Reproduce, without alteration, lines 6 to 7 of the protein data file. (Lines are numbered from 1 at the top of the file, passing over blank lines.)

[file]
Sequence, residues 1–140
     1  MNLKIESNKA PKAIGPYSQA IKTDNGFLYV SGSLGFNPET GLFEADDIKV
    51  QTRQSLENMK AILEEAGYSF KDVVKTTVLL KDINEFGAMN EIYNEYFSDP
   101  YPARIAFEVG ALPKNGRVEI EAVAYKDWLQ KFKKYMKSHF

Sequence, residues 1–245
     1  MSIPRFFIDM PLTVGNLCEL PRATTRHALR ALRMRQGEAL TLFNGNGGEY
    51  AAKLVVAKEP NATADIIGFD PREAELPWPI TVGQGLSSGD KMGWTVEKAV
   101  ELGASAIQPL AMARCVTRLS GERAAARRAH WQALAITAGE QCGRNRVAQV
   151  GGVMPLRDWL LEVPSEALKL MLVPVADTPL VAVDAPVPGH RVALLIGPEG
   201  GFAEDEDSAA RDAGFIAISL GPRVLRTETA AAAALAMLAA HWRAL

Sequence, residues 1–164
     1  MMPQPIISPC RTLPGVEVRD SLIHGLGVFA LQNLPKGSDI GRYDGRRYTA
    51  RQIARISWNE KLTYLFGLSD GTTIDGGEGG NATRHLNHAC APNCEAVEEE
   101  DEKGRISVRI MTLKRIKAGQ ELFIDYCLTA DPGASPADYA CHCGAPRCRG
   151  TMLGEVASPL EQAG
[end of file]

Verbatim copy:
     1  MSIPRFFIDM PLTVGNLCEL PRATTRHALR ALRMRQGEAL TLFNGNGGEY
    51  AAKLVVAKEP NATADIIGFD PREAELPWPI TVGQGLSSGD KMGWTVEKAV